Tuesday, November 26, 2013

Interview with Linda Carroll-Bradd

As a young girl, Linda was often found lying on her bed reading about fascinating characters having exciting adventures in places far away and in other time periods. In later years, she read and then started writing romances and achieved her first publication--a confession story. Married with 4 adult children and 2 granddaughters, Linda now writes heartwarming contemporary and historical stories with a touch of humor from her home in the southern California mountains.

Linda's question, which is to be answered to enter this week's drawing: Which of the mentioned inventions do you feel is essential to your life? 
Please leave your comment with your email address in the form of name[at]domain[dot]com to qualify for an ebook version of Linda's novel, The Ring That Binds.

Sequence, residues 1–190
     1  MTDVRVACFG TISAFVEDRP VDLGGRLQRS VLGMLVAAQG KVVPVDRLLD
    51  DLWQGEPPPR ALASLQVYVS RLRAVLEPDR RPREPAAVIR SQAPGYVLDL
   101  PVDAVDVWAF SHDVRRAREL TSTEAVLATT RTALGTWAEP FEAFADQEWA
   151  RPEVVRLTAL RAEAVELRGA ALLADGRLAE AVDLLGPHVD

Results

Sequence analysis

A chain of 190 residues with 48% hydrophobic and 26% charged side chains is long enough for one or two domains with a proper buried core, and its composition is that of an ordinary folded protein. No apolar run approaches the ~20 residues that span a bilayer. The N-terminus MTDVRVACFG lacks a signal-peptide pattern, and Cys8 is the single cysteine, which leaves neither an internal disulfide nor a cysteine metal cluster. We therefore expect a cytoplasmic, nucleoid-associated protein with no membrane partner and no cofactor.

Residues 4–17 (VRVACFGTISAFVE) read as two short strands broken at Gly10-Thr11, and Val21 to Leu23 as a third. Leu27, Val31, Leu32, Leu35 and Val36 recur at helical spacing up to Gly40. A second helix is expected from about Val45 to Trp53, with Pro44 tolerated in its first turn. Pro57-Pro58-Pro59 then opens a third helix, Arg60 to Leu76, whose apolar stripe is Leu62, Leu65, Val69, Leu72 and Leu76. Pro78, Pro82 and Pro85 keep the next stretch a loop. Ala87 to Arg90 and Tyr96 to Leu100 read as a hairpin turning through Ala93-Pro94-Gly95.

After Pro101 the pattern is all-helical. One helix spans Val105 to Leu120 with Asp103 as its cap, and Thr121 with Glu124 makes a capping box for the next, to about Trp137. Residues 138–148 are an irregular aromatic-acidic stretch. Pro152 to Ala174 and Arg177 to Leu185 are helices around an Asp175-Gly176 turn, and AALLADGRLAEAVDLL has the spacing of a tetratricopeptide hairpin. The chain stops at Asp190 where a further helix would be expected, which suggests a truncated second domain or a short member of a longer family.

Linda, it’s great to have you at Novel PASTimes today. Could you share with us some of the surprises you’ve encountered along the road to publishing?

Before I started writing fiction, I’d had a command of business English through years of secretarial work and had published several non-fiction articles. My biggest surprise was how different the two types of writing are and all the various craft tricks that needed to be mastered to relay character emotion. The learning curve was long—until I learned the technique of using deep point of view to gain reader empathy. Then my stories started placing in contests run by chapters of the Romance Writers of America.

Please tell us something about your historical novella, The Ring That Binds.